Alice Peacock Is Back to Making Music

Lee Zimmerman

When you’re in the music business — or any aspect of the entertainment arena for that matter — stepping out of the spotlight puts you in a precarious position. The public’s memory is short, and any absence, no matter how brief, all but guarantees you’ll be quickly forgotten. That old adage comes to mind — out of sight, out of mind.

For an artist like Alice Peacock, the decision was especially risky. Her career included five albums, a hit single (“Bliss,” recorded with John Mayer), and songs featured in any number of high profile television shows and motion pictures — “Because of Winn Dixie,” “Men In Trees,” “The Ghost Whisperer,” “What I Like About You,” “Dawson’s Creek” and “Smallville,” among them. She toured with John Mellencamp, Aimee Mann, Toad The Wet Sprocket and Heart, and made frequent appearances on radio and TV, including a well regarded guest spot on “A Prairie Home Companion.” A socially conscious artist, she served as a trustee of the National Academy of Recording Arts and Sciences (the same group that oversees the Grammys) and past President of the academy’s Midwest Chapter. A founder of Rock for Reading, an Illinois non-profit organization, she helped raise awareness and resources for reading and literacy programs in the schools.

Still, fans could forgive her for stepping back. After all, her reason for a respite was simple. She decided it was time to devote herself to her young family, and with three young children including twins, she literally had her hands full.

“Your brain tends to get sucked out of your body when you have kids,” she jokes before turning serious. “For me, it was a matter of priorities. I had to cut back on my music to focus on my children. I didn’t want to miss out of the chance to see them grow up and experience life for the first time. Honestly, sometimes it was like the wild, wild west, but I felt it was important to be off the road and there for them and I’m glad I was.”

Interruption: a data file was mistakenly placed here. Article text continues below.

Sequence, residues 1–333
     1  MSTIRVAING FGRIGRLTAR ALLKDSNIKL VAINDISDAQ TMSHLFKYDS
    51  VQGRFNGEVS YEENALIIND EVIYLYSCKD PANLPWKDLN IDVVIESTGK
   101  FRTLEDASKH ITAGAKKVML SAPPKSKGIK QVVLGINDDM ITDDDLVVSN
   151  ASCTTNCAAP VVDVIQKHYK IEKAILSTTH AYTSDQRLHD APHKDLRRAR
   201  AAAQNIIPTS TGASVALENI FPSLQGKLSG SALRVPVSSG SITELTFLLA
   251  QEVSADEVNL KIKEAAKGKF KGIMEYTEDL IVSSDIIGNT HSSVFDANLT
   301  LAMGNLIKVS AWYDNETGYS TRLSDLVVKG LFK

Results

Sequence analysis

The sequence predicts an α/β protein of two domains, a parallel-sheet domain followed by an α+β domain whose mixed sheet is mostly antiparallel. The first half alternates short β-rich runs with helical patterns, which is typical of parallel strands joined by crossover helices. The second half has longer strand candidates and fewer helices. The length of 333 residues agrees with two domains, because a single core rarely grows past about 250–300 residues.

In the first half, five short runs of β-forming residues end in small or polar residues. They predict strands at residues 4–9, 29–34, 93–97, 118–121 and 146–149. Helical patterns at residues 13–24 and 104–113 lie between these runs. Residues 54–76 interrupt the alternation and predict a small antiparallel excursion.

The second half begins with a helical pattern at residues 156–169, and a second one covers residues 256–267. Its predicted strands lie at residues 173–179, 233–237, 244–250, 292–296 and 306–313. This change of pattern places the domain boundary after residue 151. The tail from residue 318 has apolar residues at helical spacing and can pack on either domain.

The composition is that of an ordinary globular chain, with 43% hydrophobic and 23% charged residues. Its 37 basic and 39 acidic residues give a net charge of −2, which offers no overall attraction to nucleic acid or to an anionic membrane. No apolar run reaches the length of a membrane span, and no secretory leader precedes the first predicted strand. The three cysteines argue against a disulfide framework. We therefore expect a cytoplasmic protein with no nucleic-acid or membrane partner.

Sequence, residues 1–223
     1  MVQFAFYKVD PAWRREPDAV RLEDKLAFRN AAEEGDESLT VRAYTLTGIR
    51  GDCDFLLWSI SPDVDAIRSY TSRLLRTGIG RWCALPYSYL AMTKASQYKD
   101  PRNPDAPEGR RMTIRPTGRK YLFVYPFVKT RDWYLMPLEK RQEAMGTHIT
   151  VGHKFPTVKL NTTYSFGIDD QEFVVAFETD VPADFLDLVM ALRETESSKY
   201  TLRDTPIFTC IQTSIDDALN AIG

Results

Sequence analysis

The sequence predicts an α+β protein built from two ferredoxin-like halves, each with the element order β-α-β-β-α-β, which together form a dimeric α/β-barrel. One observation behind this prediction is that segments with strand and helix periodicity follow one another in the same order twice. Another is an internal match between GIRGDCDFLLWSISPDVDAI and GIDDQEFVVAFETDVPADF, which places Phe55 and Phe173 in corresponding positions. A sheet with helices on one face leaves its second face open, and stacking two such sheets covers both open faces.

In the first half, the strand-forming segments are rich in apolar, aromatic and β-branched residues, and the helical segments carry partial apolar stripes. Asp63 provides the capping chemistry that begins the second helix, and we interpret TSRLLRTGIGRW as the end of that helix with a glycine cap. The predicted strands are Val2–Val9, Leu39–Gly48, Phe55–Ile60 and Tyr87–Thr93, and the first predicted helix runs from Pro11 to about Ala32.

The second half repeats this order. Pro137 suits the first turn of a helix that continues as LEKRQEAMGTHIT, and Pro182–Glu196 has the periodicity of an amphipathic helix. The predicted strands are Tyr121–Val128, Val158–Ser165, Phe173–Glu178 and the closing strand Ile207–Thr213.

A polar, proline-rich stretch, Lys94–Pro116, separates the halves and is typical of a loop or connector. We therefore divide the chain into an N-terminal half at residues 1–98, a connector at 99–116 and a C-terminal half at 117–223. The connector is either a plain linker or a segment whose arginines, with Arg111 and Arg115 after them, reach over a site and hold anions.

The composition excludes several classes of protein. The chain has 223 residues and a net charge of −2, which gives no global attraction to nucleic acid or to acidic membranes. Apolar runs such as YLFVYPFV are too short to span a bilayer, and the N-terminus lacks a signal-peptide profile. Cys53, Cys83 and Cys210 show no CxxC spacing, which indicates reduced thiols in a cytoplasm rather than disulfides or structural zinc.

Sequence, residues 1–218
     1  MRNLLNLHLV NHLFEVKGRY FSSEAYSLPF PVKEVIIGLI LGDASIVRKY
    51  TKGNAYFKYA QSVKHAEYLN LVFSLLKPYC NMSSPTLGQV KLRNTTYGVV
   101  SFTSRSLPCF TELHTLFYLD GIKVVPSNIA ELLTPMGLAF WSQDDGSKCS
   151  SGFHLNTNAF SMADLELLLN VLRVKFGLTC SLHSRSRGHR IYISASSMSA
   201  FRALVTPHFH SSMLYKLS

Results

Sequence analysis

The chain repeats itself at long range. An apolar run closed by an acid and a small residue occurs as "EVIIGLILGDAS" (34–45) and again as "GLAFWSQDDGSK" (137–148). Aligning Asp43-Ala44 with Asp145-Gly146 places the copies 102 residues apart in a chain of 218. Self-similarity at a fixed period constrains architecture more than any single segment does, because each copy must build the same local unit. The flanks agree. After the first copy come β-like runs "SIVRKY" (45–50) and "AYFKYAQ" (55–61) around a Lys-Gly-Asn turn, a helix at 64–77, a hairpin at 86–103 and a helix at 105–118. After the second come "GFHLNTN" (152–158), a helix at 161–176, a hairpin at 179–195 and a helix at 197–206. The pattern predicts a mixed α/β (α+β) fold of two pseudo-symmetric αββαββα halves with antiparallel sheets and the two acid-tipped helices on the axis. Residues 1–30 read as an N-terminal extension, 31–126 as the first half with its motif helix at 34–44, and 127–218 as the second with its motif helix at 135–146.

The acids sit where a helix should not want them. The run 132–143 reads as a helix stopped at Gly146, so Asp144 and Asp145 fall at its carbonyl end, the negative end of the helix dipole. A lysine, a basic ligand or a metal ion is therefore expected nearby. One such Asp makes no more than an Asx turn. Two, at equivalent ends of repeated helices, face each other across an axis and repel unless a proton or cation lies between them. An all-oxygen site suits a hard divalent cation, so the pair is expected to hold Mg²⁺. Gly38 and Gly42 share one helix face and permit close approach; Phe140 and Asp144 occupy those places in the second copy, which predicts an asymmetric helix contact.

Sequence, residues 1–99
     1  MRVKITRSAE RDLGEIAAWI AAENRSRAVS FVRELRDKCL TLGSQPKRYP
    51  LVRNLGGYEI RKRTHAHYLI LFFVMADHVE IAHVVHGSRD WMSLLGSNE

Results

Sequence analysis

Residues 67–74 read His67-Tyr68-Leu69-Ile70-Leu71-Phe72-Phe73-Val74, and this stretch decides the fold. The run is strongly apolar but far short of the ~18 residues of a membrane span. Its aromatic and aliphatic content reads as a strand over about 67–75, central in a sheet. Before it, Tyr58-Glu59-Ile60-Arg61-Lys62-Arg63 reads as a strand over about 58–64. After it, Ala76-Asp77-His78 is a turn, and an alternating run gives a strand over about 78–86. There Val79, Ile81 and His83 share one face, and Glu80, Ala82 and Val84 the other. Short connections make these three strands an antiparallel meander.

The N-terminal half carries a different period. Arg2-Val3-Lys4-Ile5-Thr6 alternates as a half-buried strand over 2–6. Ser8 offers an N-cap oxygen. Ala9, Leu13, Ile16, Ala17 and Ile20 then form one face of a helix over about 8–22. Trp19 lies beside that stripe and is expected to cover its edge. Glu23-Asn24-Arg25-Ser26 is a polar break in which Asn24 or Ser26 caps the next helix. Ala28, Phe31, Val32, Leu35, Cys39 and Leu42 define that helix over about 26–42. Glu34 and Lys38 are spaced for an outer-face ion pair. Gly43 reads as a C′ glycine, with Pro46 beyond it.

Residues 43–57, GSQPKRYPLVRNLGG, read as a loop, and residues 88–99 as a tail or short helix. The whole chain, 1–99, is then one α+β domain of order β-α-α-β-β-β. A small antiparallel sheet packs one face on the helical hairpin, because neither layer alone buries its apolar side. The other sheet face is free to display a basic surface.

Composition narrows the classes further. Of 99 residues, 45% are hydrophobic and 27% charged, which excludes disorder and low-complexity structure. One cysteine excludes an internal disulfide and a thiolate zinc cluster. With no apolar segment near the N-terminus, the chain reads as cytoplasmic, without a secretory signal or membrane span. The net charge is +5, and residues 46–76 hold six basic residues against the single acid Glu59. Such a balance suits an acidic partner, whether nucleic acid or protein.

Yet, just as she was willing to turn one page and put her career on hold, she’s now ready to open another chapter and resume her creative journey. She has several songs already written and slated for a new album, and in the meantime, she’s excited to hit the road. “I’m enjoying reconnecting with my fans,” she says and I’m open to exploring all opportunities. I literally feel like the sky’s the limit.”

While Alice has always seen herself mainly as a folk artist, she’s also eager to seek out new areas as well. She wants to pursue the possibilities of developing her piano prowess, given a newfound interest in New Orleans style jazz and blues.

“The shackles are off,” Alice declares. “I want to learn new skills and put different tools in my toolbox.”

First. however, she’s ready to pick up from where she left off before. In a real sense, that shouldn’t be difficult. She has plenty of songwriters to collaborate with before a planned return to the studio. Having penned some 20 songs so far, she also has several prospective individuals she’s eyeing as a producer.

“I have such a rich home life, so maybe I’ll write a bunch of sappy songs,” she chuckles. “I’m ready to do my thing; whatever that is. Some of the new songs may be jazzier than before, but that doesn’t mean I’m not writing intuitively. There have been lots of exciting changes in the music scene since I’ve been gone, especially in the Americana genre where boundaries don’t really exist, and I want to be a part of them going forward.”

Alice admits that she will need to find her way, but she’s not worried. “I’m into performing more than ever,” she insists. “It’s great to be able to share my music, have people show up and allow me to connect with them. I’ve always enjoyed that part of the process. It’s so much fun! Then again, it’s just good to get out of the house.”

Benjamin Woods